Let $f$ be any function defined on the interval [a,b] and let $N$ be a positive integer. The uniform partition of order $N$ of the interval [a, b] is the set of equally spaced points

$x_{i}$ = $a+i.$$\frac{b-a}{N}$ $(0\leq i\leq N)$

that break the interval [a, b] into $N$ equal-length sub intervals

$I_{1}$ = $[x_{0},x_{1}]$, $I_{2}$ = $[x_{1},x_{2}]$,....$I_{N}$ = $[x_{N-1}, x_{N}]$

Here let $\Delta x$ denote the common length $\frac{b-a}{N}$ of these intervals.

A choice of points associated with the uniform partition of the order $N$ is a sequence $S_{N}$ = $(s_{1}, s_{2}...s_{n})$ of points with $s_{i}$ in $I_{i}$ for each $i=1, 2,....N$.

The expression

$R(f,S_{N})$ = $\sum _{i=1}^{N}f(s_{i}).\Delta x$ ....(1)

is called a Riemann sum of $f$. The notation $R(f, S_{N})$ indicates that a Riemann sum depends on the function $f$ and the choice of points $S_{N}$.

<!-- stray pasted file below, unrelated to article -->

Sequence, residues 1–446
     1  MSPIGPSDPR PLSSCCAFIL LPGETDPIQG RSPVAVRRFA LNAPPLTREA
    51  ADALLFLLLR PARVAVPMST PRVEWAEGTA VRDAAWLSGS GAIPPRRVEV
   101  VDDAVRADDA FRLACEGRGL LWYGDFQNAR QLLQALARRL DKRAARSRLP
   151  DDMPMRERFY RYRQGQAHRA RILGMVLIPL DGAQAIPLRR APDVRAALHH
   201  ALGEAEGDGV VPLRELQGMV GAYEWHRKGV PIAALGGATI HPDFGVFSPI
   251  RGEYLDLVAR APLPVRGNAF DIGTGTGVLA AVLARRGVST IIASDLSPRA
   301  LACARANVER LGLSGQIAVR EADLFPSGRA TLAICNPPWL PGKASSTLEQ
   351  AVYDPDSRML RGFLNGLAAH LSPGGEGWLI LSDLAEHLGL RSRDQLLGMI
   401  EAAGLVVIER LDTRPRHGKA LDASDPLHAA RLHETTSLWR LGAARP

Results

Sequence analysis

Finding areas within shapes gets
complicated fast outside of the standard geometric shapes like
circles, squares triangles and trapezoids. Riemann added up the area
under the complicated curves by using standard geometric shapes.

Different methods of arranging
rectangles under the curve results in more accurate, under-estimate
or over-estimate of area. The smaller and more numerous the
rectangle, the more accurate the estimates.

A Riemann sum can be determined in three different ways as given below